Right, but don't confuse the drawing of the ball with the selection of the balls! They are two different events which we can generally describe in two different ways. In the case of picking the balls, we might be saying that the picking is strictly and deliberately chosen (everytime we get the chance to pick, they pick black) while the situation with drawing out a ball might be random in the sense that our proceedure ends up with statistically random choices of balls over time.

"So, if we really have no information on which to judge the Creationist's argument other than the listing of possibilities, I think the Creationist is right to say that the one is as likely as any other. However, if we can start discussing the various possibilities in terms of "evidence", those probabilities change."

No, again, not in the way they are being used. In the creationist sense, the scheme is to break some sequence of events down into lots of binary branches with unknown probabilities and then keep adding together probabilities as if they were all indepedent. The end result is some astronomically unlikely value for some particular physical event.

The problem is that first of all if we don't know that the probabilities are indepedent of each other, then we can't treat them as such: doing the math properly requires finding that out. Second of all, just because there are only two possiblities (one thing happens, or it doesn't) doesn't mean that the only options for the probability of the event are 0% and 100%, and in the abscence of evidence we split the difference. When we speak of the probability of a binary event, we generally mean statistically, not fully deterministically (if everything is deterministic then the probability of EVERYTHING is either 1 or 0, never 50%). It's either going to rain today or it isn't, but we have a 33% chance of rain. So we could be ANY percentage value of likihood on a scale. Why have your default assumption be set to the midway point as opposed to anywhere else on the scale? Why have it set anywhere in the abscence of information? Where does the math come from?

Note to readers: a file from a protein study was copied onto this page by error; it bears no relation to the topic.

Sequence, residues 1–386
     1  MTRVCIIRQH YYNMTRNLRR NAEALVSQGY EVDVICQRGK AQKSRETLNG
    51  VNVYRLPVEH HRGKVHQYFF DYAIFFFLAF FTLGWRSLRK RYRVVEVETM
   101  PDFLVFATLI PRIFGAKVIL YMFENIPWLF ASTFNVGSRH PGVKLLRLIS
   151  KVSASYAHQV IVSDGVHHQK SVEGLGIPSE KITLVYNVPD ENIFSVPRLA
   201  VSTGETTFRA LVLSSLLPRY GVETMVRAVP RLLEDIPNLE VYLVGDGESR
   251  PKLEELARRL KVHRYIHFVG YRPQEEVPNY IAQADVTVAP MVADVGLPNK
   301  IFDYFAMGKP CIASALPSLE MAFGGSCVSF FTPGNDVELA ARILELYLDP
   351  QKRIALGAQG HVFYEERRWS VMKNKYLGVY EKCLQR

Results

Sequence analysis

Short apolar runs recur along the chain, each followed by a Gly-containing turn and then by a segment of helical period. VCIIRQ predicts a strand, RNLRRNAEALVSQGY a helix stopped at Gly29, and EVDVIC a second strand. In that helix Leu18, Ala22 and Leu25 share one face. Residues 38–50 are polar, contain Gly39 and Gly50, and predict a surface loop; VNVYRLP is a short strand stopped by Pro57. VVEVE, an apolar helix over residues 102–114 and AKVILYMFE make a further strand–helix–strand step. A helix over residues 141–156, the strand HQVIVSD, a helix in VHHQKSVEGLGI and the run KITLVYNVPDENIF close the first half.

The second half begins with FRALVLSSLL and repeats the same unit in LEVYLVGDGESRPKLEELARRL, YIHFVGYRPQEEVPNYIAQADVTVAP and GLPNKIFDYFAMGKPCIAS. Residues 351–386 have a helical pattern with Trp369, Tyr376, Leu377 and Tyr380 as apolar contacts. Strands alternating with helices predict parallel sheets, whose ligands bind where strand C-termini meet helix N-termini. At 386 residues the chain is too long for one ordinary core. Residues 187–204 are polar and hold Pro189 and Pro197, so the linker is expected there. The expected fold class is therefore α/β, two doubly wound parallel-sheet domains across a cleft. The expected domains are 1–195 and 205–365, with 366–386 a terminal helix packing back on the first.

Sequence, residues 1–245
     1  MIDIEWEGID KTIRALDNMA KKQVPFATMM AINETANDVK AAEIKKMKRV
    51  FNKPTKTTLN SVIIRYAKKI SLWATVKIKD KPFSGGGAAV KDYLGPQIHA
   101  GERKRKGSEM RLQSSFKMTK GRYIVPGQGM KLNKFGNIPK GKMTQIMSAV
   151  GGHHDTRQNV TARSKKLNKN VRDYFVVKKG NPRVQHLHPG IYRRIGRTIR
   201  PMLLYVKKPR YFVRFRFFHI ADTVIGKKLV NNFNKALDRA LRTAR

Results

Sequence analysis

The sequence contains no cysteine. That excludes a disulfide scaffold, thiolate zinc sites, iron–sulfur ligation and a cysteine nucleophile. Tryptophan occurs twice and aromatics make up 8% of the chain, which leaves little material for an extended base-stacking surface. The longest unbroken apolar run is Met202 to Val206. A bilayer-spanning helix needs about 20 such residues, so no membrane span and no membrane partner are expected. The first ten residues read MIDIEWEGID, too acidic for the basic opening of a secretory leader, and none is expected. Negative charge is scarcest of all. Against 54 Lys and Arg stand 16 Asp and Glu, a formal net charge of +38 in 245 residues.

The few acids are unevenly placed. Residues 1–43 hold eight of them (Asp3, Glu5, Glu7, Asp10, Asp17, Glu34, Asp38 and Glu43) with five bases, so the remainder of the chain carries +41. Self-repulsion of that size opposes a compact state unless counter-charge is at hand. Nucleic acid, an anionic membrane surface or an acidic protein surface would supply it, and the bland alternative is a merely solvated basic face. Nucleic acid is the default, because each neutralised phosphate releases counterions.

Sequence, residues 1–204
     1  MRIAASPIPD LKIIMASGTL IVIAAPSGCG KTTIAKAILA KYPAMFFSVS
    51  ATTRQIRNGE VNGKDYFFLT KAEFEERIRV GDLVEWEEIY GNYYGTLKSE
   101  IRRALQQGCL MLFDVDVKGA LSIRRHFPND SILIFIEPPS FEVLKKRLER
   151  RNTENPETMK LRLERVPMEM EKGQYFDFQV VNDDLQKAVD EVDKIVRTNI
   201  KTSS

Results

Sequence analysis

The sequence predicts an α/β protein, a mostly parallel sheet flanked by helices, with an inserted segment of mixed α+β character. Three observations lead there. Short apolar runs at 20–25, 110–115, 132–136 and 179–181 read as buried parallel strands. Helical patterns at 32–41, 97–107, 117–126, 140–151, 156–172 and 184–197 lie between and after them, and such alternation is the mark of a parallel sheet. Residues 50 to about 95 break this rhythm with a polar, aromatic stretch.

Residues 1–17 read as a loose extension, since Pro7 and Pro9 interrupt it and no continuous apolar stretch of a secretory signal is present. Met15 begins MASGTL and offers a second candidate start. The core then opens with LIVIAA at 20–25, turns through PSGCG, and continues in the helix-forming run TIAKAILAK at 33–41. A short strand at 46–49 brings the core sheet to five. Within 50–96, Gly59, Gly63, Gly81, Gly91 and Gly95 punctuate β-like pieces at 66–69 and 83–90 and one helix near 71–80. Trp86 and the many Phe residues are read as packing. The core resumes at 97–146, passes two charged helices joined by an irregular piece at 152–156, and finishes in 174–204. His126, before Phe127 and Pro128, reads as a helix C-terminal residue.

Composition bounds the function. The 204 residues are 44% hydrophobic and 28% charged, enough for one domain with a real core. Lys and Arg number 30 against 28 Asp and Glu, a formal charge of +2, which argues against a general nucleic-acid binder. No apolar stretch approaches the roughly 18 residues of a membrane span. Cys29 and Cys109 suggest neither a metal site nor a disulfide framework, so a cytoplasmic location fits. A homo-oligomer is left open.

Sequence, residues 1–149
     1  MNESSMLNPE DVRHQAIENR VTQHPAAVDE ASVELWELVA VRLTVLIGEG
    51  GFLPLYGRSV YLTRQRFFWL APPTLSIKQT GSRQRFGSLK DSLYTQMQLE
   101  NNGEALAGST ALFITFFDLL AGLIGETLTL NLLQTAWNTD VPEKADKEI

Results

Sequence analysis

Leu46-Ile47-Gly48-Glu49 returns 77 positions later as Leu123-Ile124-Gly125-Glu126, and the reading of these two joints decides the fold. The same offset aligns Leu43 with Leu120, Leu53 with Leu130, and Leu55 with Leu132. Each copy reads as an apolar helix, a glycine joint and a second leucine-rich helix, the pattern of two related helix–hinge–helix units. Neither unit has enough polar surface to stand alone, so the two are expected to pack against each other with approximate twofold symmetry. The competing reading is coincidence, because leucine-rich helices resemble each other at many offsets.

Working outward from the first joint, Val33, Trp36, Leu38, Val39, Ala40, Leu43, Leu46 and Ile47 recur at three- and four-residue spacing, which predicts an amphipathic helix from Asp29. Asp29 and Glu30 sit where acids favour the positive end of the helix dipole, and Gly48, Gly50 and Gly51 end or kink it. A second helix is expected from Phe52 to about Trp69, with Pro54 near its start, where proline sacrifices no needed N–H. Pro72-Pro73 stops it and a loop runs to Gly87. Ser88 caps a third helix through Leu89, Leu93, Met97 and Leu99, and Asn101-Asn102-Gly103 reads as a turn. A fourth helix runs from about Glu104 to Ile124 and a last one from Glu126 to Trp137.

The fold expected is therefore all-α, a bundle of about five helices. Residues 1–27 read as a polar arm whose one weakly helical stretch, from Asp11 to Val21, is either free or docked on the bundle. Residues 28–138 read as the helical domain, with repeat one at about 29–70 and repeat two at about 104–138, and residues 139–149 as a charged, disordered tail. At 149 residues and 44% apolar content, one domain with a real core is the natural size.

The answer is that we don't know what sort of process we're dealing with, and we haven't averaged it out by testing it: so there is no math to do, neither statistically nor deterministically. And trying to pretend we have information, let alone a specific value that we are going to use in an straight out probability equation to calculate a larger probability is especially deceptive! We're taking a number we just made up with a arbitrary value and plugging it into an equation as if it were a real calculate probability. Garbage in, garbage out.

Then you'd be applying it incorrectly.

In which case you'd be applying your incorrect reading of Laplace incorrectly, too. Were WW, BW and BB equally likely, they'd have probability 1/3*2/3 = 2/9 apiece, not 1/3. There's still one red ball in there.

Lots of people still seem to be trying to calculate expected value for each one of the four choices individually. I maintain that that is simply impossible to do, but even if I'm wrong, that's irrelevant, because that's the wrong calculation in any case.

Surely that's handled by the statement that the same set of balls is to be used in all lotteries? Sure, the house could lie about that, but that applies equally to A and C.

One is "regret aversion." You don't want to pick B, say, and then discover that there was no white ball and you never had a chance. It is much more acceptable to pick A, and then shrug off a loss with the idea that you only had a 1/3 chance anyway. Even if it turns out that both other balls were white, you probably would not feel too bad, because you still had a 1/3 chance.

Say then that we could wager over whether or not it has a probability of 50%. If you complained that you had no information and flipped a coin to determine what side you'd bet, you'd have a 50% chance of winning the bet. But... we could also do a similar bet over whether or not it's 33% likely or not. Again, if you flipped a coin, you'd get a 50% chance of being correct. All the 50% is telling you is that you have a 50% chance of randomly guessing whether some percentage is the correct probability, which is just a trivial way of saying that there are two options. It isn't telling us anything about the probability of them happening, just that randomly guessing ANY given figure for the probability will be right half of the time.